Innovators and Global Leaders

Plenary Session 3

- Directing Innovation for Net-Zero Emissions: Transformational Narratives -

Session background and objectives

・Blockchain and related innovations may fundamentally alter the way of economic transactions in social systems; they may reduce or even eliminate the traditional role of intermediate companies such as banks, energy traders and other wholesale businesses.

・Intensive research by scientists as well as extensive dialogue among various stakeholders are indispensable elements in identifying the optimal path towards achievement of Net-Zero Emissions.

・In this session, distinguished speakers from diverse aspects of climate change research are invited to discuss on the latest in the quest for Net-Zero Emissions and narratives transforming the energy infrastructure and society towards a carbon-free future.

Speakers

Nebojsa Nakicenovic[Moderator]

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Deputy Director General and Deputy CEO, International Institute for Applied Systems Analysis (IIASA); Professor Emeritus, Vienna University of Technology (TU WIEN)

James A. Edmonds

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Laboratory Fellow and Chief Scientist, Joint Global Change Research Institute, Pacific Northwest National Laboratory

Keigo Akimoto

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Group Leader of Systems Analysis Group, Chief Researcher, Research Institute of Innovative Technology for the Earth (RITE)

Abstract:

Challenges and opportunities for net zero CO2 emission harmonized with sustainable development

Net zero CO2 emissions will be required for the temperature stabilizations while the other SDGs must be achieved harmoniously. Many Integrated Assessment Models (IAMs) provide feasible solutions for achieving the 2 C target including the 450 ppm CO2eq. pathway; however, the mitigation costs estimated by the IAMs are huge and unrealistic in the real world. Alternative scenarios must be considered beyond the current IAM framework. For tackling climate change sustainably, carbon price must be kept low, and technological and social innovations particularly in products and services contributing to high energy productivity, which are crucial for that, must be promoted.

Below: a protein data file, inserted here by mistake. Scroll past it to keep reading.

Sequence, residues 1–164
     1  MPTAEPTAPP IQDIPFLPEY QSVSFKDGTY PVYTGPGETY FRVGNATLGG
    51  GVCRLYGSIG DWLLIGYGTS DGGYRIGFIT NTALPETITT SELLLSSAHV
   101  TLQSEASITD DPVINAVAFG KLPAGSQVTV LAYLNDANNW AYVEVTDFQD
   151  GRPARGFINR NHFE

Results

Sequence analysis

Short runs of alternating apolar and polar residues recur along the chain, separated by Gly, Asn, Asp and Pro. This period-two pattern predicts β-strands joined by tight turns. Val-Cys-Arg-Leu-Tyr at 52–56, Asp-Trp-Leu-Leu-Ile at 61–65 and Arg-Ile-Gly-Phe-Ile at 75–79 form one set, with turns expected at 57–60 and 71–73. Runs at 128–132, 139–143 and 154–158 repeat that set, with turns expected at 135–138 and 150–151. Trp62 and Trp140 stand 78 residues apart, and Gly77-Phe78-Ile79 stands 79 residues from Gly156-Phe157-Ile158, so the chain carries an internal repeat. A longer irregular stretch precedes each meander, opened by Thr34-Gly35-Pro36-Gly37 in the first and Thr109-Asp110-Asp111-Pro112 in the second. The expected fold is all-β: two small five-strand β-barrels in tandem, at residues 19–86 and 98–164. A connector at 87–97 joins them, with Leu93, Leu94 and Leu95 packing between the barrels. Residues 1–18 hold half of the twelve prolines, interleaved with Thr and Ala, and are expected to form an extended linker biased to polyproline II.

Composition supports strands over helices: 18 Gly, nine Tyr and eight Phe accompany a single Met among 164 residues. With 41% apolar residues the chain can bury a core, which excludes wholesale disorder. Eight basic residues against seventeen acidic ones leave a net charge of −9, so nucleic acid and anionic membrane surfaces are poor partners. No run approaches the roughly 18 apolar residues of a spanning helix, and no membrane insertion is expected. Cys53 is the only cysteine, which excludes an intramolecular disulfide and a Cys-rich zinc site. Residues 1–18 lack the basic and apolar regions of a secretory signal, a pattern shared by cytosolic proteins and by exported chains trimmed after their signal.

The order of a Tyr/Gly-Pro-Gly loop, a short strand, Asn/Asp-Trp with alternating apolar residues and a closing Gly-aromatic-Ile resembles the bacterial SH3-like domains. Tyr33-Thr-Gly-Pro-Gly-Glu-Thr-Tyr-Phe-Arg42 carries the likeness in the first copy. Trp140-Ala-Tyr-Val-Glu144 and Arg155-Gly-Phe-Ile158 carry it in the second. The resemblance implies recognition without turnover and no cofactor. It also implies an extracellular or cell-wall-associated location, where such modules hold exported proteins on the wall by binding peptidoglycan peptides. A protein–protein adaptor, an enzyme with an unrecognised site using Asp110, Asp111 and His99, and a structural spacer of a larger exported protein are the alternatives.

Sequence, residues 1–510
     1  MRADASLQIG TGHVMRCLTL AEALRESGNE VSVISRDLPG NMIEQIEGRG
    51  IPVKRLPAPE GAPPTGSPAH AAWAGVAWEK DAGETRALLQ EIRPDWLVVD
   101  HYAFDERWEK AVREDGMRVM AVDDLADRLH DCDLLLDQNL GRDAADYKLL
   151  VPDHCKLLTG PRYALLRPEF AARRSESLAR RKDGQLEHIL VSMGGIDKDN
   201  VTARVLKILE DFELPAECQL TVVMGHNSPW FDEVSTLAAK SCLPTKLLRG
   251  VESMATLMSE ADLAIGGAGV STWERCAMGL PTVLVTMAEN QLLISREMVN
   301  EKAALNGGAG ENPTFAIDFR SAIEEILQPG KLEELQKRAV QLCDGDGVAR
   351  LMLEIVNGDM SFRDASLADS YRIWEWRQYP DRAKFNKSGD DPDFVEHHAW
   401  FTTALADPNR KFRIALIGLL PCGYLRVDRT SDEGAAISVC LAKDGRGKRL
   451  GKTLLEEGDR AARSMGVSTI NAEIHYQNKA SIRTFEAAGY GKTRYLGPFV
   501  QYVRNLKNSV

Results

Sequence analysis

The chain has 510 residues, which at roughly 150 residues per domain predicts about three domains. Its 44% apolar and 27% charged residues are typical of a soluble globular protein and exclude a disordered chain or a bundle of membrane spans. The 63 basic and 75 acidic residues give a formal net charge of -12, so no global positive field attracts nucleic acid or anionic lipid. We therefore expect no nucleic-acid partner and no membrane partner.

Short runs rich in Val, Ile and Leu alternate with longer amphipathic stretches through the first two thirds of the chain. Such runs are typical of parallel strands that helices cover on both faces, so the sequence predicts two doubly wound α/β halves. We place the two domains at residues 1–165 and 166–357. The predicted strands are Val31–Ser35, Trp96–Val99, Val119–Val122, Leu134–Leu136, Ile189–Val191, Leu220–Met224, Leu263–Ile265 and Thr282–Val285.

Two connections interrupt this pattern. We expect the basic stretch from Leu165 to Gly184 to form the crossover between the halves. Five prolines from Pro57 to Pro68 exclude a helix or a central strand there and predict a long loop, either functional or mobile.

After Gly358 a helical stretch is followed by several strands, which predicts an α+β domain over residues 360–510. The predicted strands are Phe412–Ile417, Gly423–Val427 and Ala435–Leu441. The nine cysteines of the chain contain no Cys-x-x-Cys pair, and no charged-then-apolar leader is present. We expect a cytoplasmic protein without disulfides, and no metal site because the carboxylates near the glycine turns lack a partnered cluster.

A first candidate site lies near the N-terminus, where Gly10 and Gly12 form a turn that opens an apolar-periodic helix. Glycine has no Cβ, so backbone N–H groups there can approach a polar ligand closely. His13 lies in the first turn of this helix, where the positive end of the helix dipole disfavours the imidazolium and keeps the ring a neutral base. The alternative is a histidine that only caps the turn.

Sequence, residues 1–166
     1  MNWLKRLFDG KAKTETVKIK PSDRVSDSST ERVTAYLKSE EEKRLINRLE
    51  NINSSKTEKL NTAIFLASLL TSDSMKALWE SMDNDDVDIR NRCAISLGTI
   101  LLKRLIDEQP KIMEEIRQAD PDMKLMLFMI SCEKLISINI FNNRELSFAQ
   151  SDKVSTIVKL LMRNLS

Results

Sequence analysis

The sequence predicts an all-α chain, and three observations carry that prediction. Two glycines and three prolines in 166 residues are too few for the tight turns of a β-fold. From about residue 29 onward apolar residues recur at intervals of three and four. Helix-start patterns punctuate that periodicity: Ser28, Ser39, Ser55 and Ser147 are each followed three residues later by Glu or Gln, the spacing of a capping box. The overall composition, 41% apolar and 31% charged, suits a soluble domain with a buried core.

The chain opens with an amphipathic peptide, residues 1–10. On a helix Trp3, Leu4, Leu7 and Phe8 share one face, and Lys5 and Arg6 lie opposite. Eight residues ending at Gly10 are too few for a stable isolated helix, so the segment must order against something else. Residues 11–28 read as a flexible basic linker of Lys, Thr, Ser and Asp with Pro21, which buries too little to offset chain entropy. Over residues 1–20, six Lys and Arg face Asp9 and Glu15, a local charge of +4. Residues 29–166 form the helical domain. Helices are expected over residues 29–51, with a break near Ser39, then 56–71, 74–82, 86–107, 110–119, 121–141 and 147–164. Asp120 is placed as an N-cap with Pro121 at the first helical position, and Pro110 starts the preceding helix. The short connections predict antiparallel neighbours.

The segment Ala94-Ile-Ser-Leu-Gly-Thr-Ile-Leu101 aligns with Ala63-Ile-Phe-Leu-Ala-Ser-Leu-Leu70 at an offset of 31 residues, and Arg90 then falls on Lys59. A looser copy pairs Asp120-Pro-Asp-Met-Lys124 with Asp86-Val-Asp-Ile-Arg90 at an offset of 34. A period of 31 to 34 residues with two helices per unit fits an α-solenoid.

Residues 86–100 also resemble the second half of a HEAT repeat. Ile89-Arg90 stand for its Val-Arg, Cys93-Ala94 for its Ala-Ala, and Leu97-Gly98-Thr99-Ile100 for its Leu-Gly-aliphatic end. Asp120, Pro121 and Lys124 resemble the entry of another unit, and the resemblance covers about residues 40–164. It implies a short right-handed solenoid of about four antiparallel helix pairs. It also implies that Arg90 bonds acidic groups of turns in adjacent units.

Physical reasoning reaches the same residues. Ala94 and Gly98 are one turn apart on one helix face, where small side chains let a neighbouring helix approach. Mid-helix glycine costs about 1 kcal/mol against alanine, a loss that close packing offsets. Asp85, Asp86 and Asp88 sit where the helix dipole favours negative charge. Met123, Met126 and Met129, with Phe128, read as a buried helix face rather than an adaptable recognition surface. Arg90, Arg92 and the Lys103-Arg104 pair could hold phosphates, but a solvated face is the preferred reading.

Vaclav Smil

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Distinguished Professor Emeritus, University of Manitoba

Abstract:

Forecasts of rapid decarbonisation are easy to make, but realities intervene. The greatest long-term challenge will be to displace fossil carbon in several key industrial uses (smelting of iron, production of cement, synthesis of ammonia and plastics) and in long-range air and ocean transportation because we either lack any readily deployable non-carbon alternatives or because the new techniques are in the earliest stages of development and hence far from able to meet the requisite mass-scale needs. Development and adoption of non-carbon alternatives will require two to three generations (50-75 years) before they become dominant.

David Victor

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Professor of International Relations, School of Global Policy and Strategy, University of California, San Diego (UCSD)

Abstract:

Two years ago the world adopted the Paris framework along with Mission Innovation, flexible and potentially effective systems for promoting international cooperation on climate change. But are they working in ways that will accelerate the needed radical transformation in energy technologies as required to make deep cuts in emissions? This talk will identify shortcomings of the current approach and focus on models that could be much more effective. It will emphasize the need for promoting technologies within niches where they can be improved and the role for direct regulation instead of simply carbon pricing as an impetus for change.

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